LRB Cover
Volume 37 Number 11
4 June 2015

LRB blog 28 May 2015

Glen Newey
The Queen’s Speech

27 May 2015

Louis Mackay
Negative Typecasting

26 May 2015

Anna Aslanyan
Brodsky among Us

MOST READ

15 July 1999

Bernard Porter
Secrecy in Britain

23 September 2010

Jenny Diski
Happiness

19 March 2015

Hal Foster
After the White Cube

In the next issue, which will be dated 18 June, Will Self on David Cronenberg’s novel.

BOOKSHOP EVENTS

Wednesday 3 June at 6.00 P.M.

June Late Night Shopping

Saturday 6 June at 10.00 A.M.

Masterclass: Group Therapy with Daniel Hahn

Sunday 14 June at 11.00 A.M.

Children's Film Club: Tales of the Night

More Events...


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Jenny Diski

My eyes were diamonds

I jumped out of my bedroom window so I wouldn’t have to speak to anyone downstairs having breakfast. That’s what happened around the Easter weekend of 1966. It was the last straw. For Doris, for me, for Doris’s friends. A point of departure. My friend X from St Christopher’s and I were still angry – three years after the event – that St Chris had chucked me out without concerning itself about what happened to me. ‘Well, you certainly fell on your feet,’ the headmaster had said in a voice that told the whole world that it showed life was unfair but that Quakers would at least have the moral upper hand, and porridge. More

Edward Luttwak

The Armenian Genocide

Turkey is a country small in neither size nor population, yet its rulers have the privilege of being ignored most of the time, no doubt because its language is remarkably little known, considering that for all its Arabic and Persian accretions it’s a most useful entry to the Oghuz Turkic tongues spoken from Moldova to China. This privilege was in evidence when Pope Francis chose in April to define the Armenian deportations, kidnappings, rapes and massacres that started in 1915 as a genocide. The Turkish government prefers fine terminological distinctions. More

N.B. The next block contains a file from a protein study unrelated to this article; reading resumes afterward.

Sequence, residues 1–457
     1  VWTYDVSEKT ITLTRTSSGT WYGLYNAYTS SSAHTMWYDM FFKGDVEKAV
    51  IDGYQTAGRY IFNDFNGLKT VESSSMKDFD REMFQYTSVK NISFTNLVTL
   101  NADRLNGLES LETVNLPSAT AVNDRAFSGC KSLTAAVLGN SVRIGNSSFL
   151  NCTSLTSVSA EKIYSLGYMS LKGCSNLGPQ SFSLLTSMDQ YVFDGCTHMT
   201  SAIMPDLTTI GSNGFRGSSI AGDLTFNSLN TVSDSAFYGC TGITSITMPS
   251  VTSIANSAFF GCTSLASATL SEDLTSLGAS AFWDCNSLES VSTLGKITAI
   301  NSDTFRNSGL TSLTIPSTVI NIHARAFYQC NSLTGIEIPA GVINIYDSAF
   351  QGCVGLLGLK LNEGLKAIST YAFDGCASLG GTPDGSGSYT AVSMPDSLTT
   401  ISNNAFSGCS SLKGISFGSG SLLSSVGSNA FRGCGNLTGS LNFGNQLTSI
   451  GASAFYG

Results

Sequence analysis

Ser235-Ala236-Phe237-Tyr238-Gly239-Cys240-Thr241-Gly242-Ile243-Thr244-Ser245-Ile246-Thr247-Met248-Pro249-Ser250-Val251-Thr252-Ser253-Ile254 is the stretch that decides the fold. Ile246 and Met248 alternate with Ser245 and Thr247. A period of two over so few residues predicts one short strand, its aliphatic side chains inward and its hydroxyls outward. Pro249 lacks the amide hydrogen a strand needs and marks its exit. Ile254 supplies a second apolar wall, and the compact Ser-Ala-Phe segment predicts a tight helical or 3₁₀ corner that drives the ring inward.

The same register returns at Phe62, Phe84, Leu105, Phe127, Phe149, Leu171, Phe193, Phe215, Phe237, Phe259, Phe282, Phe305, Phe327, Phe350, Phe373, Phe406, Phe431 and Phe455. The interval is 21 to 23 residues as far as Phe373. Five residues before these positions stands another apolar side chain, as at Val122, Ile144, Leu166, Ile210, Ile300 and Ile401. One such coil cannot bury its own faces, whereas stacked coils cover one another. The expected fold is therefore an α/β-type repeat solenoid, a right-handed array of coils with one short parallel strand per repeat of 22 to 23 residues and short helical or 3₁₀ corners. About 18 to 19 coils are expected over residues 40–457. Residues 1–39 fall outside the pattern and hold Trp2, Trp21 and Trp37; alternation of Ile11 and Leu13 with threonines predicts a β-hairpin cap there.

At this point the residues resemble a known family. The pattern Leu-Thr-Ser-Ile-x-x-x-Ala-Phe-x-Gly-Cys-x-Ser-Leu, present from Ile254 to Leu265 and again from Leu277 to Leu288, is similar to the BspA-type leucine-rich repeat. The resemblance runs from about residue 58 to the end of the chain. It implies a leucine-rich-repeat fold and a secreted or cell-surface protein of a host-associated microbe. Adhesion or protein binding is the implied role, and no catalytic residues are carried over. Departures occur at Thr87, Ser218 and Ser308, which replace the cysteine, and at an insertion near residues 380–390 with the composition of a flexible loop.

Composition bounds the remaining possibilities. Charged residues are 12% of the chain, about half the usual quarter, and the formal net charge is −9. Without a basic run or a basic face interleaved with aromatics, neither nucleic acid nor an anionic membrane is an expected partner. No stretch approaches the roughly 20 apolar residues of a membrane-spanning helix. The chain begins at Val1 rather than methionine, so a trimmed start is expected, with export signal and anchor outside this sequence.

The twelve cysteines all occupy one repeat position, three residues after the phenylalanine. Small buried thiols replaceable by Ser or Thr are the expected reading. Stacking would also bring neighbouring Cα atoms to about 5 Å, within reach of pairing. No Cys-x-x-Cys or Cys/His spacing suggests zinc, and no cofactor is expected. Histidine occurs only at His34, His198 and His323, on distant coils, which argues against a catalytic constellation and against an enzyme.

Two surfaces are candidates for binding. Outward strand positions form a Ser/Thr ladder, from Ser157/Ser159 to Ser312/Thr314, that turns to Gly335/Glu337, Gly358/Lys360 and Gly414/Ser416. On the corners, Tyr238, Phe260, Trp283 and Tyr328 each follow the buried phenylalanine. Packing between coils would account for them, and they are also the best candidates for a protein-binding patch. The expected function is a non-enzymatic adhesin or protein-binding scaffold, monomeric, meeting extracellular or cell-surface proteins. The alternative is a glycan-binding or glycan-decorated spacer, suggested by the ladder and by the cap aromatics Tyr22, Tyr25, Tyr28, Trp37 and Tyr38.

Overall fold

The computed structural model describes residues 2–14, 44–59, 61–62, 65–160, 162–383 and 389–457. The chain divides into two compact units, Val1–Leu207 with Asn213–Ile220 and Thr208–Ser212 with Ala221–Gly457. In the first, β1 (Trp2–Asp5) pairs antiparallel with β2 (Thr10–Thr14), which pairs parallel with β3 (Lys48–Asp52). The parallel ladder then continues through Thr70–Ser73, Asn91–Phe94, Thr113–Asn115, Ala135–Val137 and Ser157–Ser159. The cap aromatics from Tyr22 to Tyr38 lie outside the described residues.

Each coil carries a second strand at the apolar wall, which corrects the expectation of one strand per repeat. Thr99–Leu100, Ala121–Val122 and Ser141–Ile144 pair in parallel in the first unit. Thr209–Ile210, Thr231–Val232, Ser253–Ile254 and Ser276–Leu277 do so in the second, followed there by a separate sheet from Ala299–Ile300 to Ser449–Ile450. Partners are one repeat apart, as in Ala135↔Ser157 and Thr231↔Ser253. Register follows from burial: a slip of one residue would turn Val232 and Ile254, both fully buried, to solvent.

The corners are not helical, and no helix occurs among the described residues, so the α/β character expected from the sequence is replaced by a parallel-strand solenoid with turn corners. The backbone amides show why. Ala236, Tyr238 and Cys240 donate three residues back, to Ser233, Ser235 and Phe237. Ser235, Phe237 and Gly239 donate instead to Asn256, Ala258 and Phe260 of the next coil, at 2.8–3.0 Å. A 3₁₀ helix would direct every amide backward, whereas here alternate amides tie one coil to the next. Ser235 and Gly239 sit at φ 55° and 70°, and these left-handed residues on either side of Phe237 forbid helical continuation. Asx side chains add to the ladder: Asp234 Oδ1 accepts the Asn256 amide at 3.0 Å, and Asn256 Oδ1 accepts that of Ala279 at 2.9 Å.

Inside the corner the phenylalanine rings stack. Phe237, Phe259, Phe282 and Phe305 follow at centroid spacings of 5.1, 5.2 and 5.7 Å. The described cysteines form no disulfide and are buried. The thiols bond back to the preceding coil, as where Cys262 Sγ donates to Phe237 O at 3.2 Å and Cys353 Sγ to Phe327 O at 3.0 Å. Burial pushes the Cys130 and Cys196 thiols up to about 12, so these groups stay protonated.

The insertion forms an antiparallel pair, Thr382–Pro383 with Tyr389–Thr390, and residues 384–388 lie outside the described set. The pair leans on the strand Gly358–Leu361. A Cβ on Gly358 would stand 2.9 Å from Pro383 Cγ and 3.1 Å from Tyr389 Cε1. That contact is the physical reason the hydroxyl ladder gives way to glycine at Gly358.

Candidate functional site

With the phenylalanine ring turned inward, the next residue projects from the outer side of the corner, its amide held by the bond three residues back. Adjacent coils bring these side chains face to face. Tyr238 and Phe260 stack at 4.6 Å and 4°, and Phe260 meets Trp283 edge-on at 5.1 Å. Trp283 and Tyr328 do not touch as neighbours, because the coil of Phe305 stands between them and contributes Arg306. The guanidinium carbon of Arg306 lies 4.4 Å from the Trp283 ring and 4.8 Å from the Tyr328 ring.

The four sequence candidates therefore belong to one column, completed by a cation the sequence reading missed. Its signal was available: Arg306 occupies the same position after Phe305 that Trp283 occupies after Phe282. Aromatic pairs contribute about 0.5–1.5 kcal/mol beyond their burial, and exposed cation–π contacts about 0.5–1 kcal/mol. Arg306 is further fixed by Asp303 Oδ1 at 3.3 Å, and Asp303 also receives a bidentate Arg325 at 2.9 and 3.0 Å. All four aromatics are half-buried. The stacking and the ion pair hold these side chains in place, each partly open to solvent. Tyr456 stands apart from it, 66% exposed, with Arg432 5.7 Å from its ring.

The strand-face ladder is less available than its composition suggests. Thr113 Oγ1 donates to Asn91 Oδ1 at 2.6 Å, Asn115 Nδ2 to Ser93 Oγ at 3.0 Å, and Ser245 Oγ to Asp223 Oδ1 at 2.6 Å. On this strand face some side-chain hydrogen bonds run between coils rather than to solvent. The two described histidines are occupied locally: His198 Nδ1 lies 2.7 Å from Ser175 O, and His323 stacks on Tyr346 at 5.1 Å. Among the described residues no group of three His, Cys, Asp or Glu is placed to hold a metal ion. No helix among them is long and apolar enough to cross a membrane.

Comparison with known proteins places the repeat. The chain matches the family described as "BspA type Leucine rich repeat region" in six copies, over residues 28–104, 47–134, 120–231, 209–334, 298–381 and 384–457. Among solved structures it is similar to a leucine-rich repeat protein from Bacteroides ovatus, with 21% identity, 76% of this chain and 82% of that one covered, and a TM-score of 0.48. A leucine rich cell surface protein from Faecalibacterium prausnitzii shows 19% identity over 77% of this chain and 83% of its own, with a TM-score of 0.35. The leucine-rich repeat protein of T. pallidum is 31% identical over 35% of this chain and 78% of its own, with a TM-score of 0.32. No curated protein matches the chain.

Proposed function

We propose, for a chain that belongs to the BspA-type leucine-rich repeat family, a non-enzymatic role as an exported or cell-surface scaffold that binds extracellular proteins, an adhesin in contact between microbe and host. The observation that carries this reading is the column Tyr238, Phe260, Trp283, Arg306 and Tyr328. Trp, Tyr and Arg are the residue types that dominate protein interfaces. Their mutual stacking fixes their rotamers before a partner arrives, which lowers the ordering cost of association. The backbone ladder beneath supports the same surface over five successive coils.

Nick Richardson

Erik Satie

One thing everyone knows about Erik Satie is that he was an eccentric. There are many kinds of eccentric and Satie was most of them. He presented himself as a nutty professor figure, not a composer but a ‘gymnopedist’ and ‘phonometrician’. He dined – or so he claimed in his autobiography – only on ‘food that is white: eggs, sugar, shredded bones, the fat of dead animals’. He walked around Paris in priestly robes, then swapped them for a wardrobe full of identical brown corduroy suits; his interests included rare sea creatures, forgotten local history and the occult. More

David Trotter

What scared Hitchcock?

Even the biographers, watching the life ‘start at zero’, have struggled to establish where the motivation for the inventiveness came from. The most popular hypothesis, not least because Hitchcock himself promoted it so vigorously, concerns timidity. ‘The man who excels at filming fear is himself a very fearful person,’ Truffaut observed, ‘and I suspect that this trait of his personality has a direct bearing on his success.’ The most substantial biography to date includes plenty of anecdotes about fear, but supplies little by way of evidence of its ultimate cause. More

Short Cuts
Andrew O’Hagan

At the V&A
Marina Warner

At the Movies
Michael Wood


FROM THE ARCHIVE